What is a Brain Tumour?

A brain tumour is an abnormal collection of tissue made up of cells that show uncontrollable growth and multiplication. These tumours are also known as intracranial tumours as they are found inside the skull. Brain tumours fall under two main categories – primary and metastatic. Environmental factors and genetics are believed to be the primary causes of brain tumours.

Primary brain tumours are those which originate within the brain and are made of the same tissue as the brain or its immediate surroundings. These tumours can be benign or malignant. Metastatic brain tumours are the kind that originate in other parts of the body such as the lungs or stomach and migrate into the brain. The migration happens typically through the bloodstream. Almost all metastatic tumours are considered malignant and cancerous.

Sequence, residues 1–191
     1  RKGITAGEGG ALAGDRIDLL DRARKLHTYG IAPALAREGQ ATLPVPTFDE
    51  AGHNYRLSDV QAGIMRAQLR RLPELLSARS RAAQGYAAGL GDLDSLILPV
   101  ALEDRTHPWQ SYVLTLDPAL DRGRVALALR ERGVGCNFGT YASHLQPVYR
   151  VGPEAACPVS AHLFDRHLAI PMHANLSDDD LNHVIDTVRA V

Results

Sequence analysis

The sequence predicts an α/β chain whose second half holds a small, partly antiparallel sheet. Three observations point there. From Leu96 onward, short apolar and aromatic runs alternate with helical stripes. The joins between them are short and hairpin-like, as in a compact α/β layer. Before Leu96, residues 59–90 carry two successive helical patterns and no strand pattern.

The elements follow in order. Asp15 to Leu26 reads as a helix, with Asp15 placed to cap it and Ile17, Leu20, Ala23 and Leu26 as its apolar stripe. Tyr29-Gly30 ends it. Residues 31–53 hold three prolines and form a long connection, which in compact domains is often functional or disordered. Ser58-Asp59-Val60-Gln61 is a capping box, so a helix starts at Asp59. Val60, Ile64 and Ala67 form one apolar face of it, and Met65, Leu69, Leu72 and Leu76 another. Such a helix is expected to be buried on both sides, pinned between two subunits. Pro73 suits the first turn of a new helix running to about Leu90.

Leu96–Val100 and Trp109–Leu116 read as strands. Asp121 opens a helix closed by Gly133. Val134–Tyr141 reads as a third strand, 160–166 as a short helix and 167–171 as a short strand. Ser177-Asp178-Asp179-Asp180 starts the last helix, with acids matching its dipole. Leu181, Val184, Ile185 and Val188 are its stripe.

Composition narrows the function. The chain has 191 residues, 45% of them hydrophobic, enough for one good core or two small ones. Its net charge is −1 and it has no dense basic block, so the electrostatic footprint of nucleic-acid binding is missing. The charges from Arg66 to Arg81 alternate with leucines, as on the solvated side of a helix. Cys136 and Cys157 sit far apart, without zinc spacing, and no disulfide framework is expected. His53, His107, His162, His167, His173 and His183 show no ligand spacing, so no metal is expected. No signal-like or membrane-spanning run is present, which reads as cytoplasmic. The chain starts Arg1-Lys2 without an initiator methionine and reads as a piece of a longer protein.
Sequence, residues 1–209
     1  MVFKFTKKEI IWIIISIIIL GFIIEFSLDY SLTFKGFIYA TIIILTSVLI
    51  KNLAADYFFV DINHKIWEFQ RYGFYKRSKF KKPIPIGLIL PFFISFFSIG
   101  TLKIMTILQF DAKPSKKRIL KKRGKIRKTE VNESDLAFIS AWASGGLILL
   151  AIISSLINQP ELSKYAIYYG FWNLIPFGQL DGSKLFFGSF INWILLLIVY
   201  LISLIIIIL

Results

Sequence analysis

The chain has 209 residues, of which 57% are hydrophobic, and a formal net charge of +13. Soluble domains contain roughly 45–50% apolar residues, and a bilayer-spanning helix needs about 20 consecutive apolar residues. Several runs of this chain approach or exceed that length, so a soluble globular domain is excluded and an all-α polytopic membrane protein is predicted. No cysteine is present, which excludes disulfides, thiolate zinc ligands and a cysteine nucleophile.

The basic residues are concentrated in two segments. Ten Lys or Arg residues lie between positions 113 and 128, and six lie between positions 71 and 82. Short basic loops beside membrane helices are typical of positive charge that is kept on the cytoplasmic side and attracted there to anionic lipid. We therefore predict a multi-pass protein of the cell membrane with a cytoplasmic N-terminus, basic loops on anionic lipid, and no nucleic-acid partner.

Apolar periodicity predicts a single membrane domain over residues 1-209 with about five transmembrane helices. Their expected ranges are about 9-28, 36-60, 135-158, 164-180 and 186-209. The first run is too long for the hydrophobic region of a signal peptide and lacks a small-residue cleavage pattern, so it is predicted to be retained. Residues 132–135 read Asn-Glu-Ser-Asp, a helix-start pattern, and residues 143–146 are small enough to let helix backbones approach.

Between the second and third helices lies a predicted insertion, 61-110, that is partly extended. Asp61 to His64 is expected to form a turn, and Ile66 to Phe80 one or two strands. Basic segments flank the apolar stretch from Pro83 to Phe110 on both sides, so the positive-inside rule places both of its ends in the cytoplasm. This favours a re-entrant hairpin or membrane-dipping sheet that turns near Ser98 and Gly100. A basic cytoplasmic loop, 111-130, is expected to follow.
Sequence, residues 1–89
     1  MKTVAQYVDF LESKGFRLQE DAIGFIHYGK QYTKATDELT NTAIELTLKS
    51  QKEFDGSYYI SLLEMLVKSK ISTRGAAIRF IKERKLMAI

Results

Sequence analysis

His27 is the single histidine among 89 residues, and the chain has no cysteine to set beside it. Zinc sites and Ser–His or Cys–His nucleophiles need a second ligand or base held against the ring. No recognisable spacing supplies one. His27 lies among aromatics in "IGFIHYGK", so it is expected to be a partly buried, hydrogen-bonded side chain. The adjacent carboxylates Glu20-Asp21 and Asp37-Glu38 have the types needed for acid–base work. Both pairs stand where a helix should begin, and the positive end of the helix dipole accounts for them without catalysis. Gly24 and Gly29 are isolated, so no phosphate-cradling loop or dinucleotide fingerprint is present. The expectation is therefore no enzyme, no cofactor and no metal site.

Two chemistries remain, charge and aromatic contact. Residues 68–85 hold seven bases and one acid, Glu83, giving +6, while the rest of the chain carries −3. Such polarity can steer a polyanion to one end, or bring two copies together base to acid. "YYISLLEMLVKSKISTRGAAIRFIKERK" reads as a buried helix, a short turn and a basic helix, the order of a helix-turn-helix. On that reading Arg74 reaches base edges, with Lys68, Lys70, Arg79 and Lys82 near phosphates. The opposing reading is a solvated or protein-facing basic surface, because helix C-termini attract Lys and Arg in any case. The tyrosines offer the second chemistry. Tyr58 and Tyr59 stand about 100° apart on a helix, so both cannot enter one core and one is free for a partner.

What are the symptoms of Brain Tumours?

The location of the brain tumour can cause symptoms to vary, but the most common symptoms are:

  • Severe headaches
  • Convulsions or seizures
  • Weakness or paralysis, especially on one side or part of the body
  • Dizziness or loss of balance
  • Personality changes
  • Difficulty in speaking, articulating or thinking
  • Changes in hearing
  • Vision changes
  • Disorientation or confusion
  • Swallowing difficulties, nausea or vomiting

How are brain Tumours Treated?

Whether the tumour is benign or malignant, it is usually treated with surgery, chemotherapy and radiation therapy, either through individual treatments or various combinations. Before surgery, scans are performed to indicate the location of the tumour. A biopsy is then taken to confirm the type of brain tumour. To remove the tumour, a craniotomy is performed where part of the skull is removed so the surgeon can access the affected area. Doctors will determine the best course of action on a case-by-case basis.

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